Positive Quote For Today

"The only way that we can live, is if we grow. The only way that we can grow is if we change. The only way that we can change is if we learn. The only way we can learn is if we are exposed. And the only way that we can become exposed is if we throw ourselves out into the open. Do it. Throw yourself."— C. JoyBell C.

Death of an Uncle

On the left side in this photo is my Dad posing for a photo with his brother (my uncle) Julius Gatonga during a certain funeral ceremony in 2003. Uncle Julius, as I will narrate in the story below, passed away last Thursday.

At around 1.20pm last Thursday, my Dad received a phone call. As he went to pick it, I silently hoped that he wouldn't hear any bad news. But alas! When I heard him repeatedly say "Oh, sorry!" in Swahili to whoever he was talking to, I instinctively sensed something tragic had happened. And it was probably about his brother Julius Gatonga.

My instincts turned out to be right because soon after Dad finished his phone conversation, I overheard him inform Mum that his brother was dead. He had breathed his last at 4.00am on Thursday morning.

I was a tad too shocked when I heard of the death of Uncle Julius. But I had seen it coming. Over the past one year, I would hear that he urgently needed money for dialysis and chemotherapy. Apparently, he had cancer and kidney problems.

Although I never bothered to find out which type of cancer Uncle Julius suffered from, I had asked God not to call him home soon since I feared his death might interrupt the disciplined daily routine I have been subjecting myself to. Too bad that God didn't answer that prayer.

After I learnt of Uncle Julius's demise on Thursday afternoon, I processed the bad news while seated at my desk. I wondered how my Dad was feeling for losing a brother he grew up with. Was he sorrowful? Did he feel like bursting into tears?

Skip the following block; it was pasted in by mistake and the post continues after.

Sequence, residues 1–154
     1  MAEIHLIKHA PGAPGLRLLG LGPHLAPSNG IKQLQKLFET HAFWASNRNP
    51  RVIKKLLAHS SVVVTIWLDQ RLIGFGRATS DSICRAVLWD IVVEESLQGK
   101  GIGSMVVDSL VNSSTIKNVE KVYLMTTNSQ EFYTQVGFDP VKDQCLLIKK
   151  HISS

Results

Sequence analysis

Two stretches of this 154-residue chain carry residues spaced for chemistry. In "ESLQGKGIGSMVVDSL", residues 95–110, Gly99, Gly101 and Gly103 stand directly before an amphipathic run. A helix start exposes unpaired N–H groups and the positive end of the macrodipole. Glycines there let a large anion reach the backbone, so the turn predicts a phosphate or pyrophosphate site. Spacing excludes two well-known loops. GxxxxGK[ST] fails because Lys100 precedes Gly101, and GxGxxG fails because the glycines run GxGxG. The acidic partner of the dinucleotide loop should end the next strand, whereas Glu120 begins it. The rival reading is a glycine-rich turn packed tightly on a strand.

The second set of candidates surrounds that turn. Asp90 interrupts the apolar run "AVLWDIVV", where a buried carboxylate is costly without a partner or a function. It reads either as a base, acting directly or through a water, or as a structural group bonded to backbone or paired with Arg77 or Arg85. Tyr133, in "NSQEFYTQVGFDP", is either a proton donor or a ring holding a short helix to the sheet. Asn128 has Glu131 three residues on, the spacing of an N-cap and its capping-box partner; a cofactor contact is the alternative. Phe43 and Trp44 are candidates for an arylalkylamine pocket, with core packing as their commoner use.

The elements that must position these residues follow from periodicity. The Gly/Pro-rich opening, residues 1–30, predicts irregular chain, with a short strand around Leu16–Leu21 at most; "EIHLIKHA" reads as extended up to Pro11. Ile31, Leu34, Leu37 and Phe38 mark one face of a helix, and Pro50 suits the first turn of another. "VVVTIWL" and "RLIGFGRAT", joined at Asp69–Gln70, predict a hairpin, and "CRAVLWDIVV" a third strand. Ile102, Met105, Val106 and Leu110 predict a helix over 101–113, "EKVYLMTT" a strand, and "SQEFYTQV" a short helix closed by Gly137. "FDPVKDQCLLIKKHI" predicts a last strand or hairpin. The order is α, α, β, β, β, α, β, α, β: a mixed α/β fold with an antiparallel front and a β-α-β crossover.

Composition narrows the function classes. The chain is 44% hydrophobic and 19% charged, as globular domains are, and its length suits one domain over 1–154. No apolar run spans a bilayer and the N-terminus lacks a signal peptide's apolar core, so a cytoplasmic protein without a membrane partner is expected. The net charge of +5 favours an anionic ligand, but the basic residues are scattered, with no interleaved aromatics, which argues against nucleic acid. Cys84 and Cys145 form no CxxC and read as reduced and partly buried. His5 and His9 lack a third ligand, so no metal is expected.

Surprisingly, I didn't note any change in Dad's mood as the Thursday afternoon wore on. He calmly continued with his work in his home office, while occasionally making calls to his other relatives to relay news of his brother's death. How stoic and worldly-wise my Dad is!

Uncle Julius was the only blood brother of my Dad. He was a humble and soft-spoken man who used to work as a primary school teacher before he retired when he reached the retirement age. His immediate family must be devastated to lose him.

As for me, I will miss Uncle Julius: his presence, his humility and his wisdom. I will also miss his encouraging voice. Back in 1999 when I was in primary school, he exhorted me to work hard in my studies so that I could excel in academics like my immediate elder brother Paddy.

Besides his encouraging voice, the other thing I liked about Uncle Julius was the way he turned up for our family affairs. He attended the wedding ceremonies of my brothers Paddy and Bob Njinju in November 2012 and April 2014 respectively.

At the end of Paddy's wedding in November 2012, my eldest brother Joe Kagigite offered Dad, Uncle Julius and I a lift in his car. Joe was grumpy that day. He refused to drive us all the way home. Instead, he dropped us in a town called Ngong. As we walked in that town, Uncle Julius kept asking Dad where we were.

Then on the day of Bob Njinju's wedding in April 2014, I travelled with Uncle Julius to and from the wedding venue. Uncle Julius was quite slow on the uptake that day, probably because he wasn't used to travelling in a busy city. I had to guide him to our destinations.

Uncle Julius last visited us in 2016 when he came home to fetch some important documents he needed from Dad. He looked much older than Dad even though he was younger than Dad. And I noted he still had that passion for reading newspapers that is characteristic of men of his age.

In December last year, I heard one of his sons was graduating from a local university called Rongo. The Sunday before the graduation ceremony, Uncle Julius phoned Dad to beg for money for travelling to Rongo University. Dad came through to his aid. And that marked the last time I heard him converse with Dad. His health went downhill afterwards.

I will miss Uncle Julius for shizzle. And his death has inspired me to pursue my passions with greater zeal while I still have breath in my nostrils because in the grave where we are all headed, there is neither working nor planning nor knowledge nor wisdom. Till we meet again, fare thee well Uncle Julius Gatonga!

RECOMMENDATION: If you've enjoyed the above story about the death of my Uncle Julius Gatonga, you might also enjoy another one on "Bidding a Friend Farewell" that I wrote more than four years ago. Just click on that link in blue to dive straight into the story.


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Cracking Clean Jokes

With permission, I have extracted this picture-quote from a website called Bible Portal. All rights reserved worldwide.